How to Increase Water Circulation in Your Aquarium

How to Increase Water Circulation in Your Aquarium

Saltwater aquarium hobbyists often discuss water circulation to mimic waves. However, freshwater setups can have a lack of flow which can lead to problems. Fish tanks (especially large ones) with lots of decorations or hardscape can develop dead zones where lots of debris collects and algae starts to grow. Increasing water circulation can help (a) stir up waste particles so they get collected by the filter, (b) evenly distribute nutrients for aquarium plants to consume, and (c) improve surface agitation so that fish have enough oxygen to breathe. Some species, such as rainbow shiners or hillstream loaches, are used to living near rivers and may be more comfortable with higher currents. In this article, let’s talk about different ways to get better water circulation in your aquarium.

Water Circulation to Gentle Flow

If you have a smaller fish tank and/or only need slow to normal amounts of flow, then a regular aquarium filter can provide sufficient current for your needs. You can read our guide to fish tank filters about the many types of filtration – such as sponge, hang-on-back (HOB), and canister filters. All of these options are good for not only filtering and cleaning the water, but also creating current and surface agitation. Moving water at the top of the aquarium is important because it prevents oily biofilm from developing on the surface and encourages good gas exchange, where carbon dioxide (exhaled by your fish) is released into the air and new oxygen (for the fish to breathe) enters the tank.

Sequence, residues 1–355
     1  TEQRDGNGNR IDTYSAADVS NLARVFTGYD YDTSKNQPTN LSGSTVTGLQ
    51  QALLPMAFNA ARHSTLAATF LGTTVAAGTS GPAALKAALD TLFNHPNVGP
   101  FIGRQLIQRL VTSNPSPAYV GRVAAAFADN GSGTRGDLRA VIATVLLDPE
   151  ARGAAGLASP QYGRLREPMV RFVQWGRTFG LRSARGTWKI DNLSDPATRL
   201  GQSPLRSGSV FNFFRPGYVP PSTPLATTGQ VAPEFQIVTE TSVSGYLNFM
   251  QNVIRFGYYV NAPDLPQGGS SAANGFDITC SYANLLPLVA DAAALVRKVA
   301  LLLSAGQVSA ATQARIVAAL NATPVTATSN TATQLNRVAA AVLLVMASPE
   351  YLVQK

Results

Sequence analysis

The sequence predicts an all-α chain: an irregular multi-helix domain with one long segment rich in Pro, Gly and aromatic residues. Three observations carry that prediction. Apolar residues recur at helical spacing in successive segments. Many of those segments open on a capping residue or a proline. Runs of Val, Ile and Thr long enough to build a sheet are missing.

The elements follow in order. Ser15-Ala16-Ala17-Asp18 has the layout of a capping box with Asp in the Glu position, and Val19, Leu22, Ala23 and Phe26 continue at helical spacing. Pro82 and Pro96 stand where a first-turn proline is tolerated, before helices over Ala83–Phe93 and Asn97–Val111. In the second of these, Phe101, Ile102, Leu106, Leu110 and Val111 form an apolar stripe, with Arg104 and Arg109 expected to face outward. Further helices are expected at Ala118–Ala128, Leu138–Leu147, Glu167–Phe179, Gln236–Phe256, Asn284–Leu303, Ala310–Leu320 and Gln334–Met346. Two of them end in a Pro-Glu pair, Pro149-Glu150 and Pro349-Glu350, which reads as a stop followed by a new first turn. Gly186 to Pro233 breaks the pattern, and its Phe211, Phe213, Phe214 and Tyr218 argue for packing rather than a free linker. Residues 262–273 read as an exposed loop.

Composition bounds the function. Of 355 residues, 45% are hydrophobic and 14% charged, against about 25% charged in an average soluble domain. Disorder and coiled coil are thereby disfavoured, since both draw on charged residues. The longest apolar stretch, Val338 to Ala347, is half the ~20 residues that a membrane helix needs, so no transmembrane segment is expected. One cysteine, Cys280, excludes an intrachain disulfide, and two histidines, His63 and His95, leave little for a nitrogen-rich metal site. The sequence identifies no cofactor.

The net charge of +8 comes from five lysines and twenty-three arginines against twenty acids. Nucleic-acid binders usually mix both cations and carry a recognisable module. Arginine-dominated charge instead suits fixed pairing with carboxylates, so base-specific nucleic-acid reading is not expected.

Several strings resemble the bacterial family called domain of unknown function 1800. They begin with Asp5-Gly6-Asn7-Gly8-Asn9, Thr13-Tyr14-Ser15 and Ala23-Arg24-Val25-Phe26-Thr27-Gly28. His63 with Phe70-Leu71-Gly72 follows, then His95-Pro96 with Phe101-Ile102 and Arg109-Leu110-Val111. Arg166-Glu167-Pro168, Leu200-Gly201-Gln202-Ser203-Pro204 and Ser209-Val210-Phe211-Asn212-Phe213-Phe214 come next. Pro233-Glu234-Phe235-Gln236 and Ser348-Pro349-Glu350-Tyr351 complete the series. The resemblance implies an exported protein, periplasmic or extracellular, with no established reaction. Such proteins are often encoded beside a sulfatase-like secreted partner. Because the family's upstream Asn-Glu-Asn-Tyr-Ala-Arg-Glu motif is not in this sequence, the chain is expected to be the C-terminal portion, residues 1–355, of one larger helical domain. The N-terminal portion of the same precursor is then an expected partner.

If you have baby fry or a betta fish with long flow fins, sponge filters are one of the gentlest filters on the market. If you’re looking for something a little stronger, canister and HOB filters use motors to move the water and often have an adjustable flow valve to increase or decrease the output speed. A simple air pump and air stone can be used to increase flow in stagnant corners of the tank. The bubbles created by the air stones move water as they rise, and cause surface agitation when their bubbles pop.

If you have slow-moving fish or baby fry, a sponge filter can provide sufficient water circulation without stressing them out.

Water Circulation for Faster Flow

For larger aquariums or fish tanks that need faster flow, a power head is great option because of its versatility in multiple applications. A powerhead simply refers to a submersible water pump. It takes water from the input, and pumps out a strong stream of water from it. This device can be used for water changes, DIY filtration, or to boost the circulation of your aquarium.

The Aquarium Co-Op power head circulates over 200 gallons per hour and has an extra-long, 11.8-foot power cord to reach almost any outlet.